Bhutan is a Buddhist country and often referred to as the last stronghold of Vajrayana Buddhism (a stream of Mahayana Buddhism, also known as Tantric Buddhism). Buddhism was first introduced by the Indian Tantric master Guru Padmasambhava (Guru Rinpoche) in the 8th century. Until then the people practiced Bonism, a religion that worshipped all forms of nature, remnants of which are still evident. The Tibetan king Songtsän Gampo (reigned 627–649), a convert to Buddhism, ordered the construction of the two Buddhist temples, at Bumthang in central Bhutan and at Kyichu Lhakhang in the Paro Valley.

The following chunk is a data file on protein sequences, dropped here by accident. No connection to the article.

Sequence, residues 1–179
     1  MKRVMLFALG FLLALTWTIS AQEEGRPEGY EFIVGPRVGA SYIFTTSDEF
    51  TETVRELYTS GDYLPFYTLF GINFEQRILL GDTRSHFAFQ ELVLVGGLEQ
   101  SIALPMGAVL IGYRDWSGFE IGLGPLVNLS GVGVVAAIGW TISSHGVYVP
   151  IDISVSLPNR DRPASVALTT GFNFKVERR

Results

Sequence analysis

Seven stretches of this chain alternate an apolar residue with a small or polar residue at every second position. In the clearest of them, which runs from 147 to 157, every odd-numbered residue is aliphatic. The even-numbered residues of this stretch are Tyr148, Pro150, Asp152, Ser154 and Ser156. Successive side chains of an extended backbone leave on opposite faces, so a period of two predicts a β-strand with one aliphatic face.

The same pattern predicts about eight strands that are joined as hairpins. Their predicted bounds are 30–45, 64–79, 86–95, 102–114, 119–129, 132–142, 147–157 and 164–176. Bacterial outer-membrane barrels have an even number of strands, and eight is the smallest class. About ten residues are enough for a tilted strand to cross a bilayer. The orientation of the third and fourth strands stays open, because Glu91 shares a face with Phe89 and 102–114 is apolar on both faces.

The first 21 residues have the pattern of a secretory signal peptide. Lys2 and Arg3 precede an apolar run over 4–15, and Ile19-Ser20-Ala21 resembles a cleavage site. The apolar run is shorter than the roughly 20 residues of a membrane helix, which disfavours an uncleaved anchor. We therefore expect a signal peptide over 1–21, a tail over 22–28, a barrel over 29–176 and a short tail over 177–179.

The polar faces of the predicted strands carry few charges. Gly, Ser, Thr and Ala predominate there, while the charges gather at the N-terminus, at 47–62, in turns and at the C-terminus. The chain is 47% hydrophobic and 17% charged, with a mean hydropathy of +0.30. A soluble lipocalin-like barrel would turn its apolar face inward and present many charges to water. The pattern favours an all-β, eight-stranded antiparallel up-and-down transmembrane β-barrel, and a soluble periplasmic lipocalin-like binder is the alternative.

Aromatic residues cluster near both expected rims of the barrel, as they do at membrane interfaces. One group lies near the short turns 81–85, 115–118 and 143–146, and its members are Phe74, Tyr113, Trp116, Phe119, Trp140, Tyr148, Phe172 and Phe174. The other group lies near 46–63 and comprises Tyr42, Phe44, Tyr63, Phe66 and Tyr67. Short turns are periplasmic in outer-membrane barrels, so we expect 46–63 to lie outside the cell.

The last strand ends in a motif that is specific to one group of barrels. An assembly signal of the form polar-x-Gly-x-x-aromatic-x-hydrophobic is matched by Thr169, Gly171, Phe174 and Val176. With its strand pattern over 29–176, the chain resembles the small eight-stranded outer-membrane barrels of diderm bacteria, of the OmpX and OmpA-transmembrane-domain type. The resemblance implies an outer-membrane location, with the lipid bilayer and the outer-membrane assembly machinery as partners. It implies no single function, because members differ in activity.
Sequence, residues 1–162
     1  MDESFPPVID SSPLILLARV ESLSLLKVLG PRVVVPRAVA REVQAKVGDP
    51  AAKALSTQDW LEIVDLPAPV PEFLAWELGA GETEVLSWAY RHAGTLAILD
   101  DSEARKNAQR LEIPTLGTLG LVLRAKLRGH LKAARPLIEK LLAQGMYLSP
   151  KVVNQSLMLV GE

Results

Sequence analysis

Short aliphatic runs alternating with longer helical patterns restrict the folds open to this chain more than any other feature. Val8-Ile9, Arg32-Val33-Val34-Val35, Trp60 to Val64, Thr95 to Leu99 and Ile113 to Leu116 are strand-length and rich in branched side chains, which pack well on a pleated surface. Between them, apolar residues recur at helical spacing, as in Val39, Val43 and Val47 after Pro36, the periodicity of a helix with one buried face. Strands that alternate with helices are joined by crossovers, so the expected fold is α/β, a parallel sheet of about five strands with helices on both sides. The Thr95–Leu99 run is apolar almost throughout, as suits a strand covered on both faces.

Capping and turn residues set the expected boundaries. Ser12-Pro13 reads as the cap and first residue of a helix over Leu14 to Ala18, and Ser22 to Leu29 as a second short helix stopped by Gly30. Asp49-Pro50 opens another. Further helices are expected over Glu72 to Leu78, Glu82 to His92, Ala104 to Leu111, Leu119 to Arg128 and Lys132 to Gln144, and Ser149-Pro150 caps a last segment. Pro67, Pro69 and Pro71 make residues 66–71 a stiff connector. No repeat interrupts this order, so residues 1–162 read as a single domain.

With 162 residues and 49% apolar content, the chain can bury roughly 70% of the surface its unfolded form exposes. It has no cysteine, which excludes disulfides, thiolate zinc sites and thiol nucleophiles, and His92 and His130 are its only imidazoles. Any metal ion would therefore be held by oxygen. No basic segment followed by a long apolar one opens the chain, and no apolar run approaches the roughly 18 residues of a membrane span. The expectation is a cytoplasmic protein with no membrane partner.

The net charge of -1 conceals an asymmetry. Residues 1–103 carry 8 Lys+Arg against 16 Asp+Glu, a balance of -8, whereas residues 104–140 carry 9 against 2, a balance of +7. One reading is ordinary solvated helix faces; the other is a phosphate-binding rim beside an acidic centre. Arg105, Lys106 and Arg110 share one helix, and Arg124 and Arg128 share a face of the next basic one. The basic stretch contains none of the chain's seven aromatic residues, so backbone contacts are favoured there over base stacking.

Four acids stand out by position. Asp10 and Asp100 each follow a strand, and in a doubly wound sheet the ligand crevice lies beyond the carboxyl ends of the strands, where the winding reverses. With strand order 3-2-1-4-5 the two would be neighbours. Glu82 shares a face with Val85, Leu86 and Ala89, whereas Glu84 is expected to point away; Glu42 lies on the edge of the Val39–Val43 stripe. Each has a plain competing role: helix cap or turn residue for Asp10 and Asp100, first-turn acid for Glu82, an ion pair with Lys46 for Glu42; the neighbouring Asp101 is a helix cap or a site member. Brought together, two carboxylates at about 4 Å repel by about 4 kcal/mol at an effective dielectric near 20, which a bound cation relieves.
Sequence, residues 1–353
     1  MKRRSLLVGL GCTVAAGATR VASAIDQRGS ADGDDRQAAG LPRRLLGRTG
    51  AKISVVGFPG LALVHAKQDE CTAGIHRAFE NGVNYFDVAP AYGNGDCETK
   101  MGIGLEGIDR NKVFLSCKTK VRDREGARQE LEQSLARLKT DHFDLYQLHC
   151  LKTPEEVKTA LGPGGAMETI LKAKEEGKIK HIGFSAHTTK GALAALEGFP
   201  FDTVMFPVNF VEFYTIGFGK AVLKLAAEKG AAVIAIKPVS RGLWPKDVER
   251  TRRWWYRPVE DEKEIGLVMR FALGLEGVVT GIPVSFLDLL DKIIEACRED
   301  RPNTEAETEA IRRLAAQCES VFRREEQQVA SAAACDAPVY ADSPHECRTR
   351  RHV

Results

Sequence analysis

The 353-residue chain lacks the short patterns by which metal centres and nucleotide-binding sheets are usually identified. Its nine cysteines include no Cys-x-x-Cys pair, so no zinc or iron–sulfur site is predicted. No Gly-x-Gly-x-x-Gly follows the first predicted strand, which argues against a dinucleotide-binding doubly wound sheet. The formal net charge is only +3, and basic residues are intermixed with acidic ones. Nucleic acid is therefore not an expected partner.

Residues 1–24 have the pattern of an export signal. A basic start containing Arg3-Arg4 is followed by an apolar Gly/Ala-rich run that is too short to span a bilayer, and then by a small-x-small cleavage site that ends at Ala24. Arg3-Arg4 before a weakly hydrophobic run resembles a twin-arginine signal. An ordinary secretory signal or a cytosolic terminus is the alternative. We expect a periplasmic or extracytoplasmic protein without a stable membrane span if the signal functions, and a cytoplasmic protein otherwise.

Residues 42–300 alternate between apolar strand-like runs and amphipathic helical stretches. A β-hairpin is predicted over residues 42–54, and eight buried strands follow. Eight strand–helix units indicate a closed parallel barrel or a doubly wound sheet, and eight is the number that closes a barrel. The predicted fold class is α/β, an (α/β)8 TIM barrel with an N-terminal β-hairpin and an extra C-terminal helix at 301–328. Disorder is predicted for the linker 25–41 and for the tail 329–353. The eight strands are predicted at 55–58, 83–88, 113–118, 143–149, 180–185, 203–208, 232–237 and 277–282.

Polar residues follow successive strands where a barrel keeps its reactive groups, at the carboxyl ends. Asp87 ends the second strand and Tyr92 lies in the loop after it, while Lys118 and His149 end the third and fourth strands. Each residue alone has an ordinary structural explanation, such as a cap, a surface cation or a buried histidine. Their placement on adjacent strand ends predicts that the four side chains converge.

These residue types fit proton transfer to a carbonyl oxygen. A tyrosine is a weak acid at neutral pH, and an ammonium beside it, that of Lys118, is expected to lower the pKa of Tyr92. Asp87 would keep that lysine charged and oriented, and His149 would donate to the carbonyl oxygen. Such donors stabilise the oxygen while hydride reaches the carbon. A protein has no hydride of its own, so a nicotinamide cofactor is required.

Bhutan is the only country in the world to have adopted Mahayana Buddhism as its official state religion. It is estimated that three-quarters of the Bhutanese population follow Vajrayana Buddhism and about one-quarters are followers of Hinduism. The Buddhism practiced in the country today is a vibrant religion that permeates nearly every facet of the Bhutanese life. It is present in the Dzongs, monasteries, stupas, prayer flags and prayer wheels that punctuate the Bhutanese landscape. The chime of ritual bells, sound of gongs, people circumambulating temples and stupas, fluttering prayer flags, red robed monks conducting rituals stand as testaments to the importance of Buddhism in Bhutanese life. Buddhism has a significant influence on the values of the Bhutanese, which has shaped the institutions, organizations, arts, drama, architecture, literature and social structure.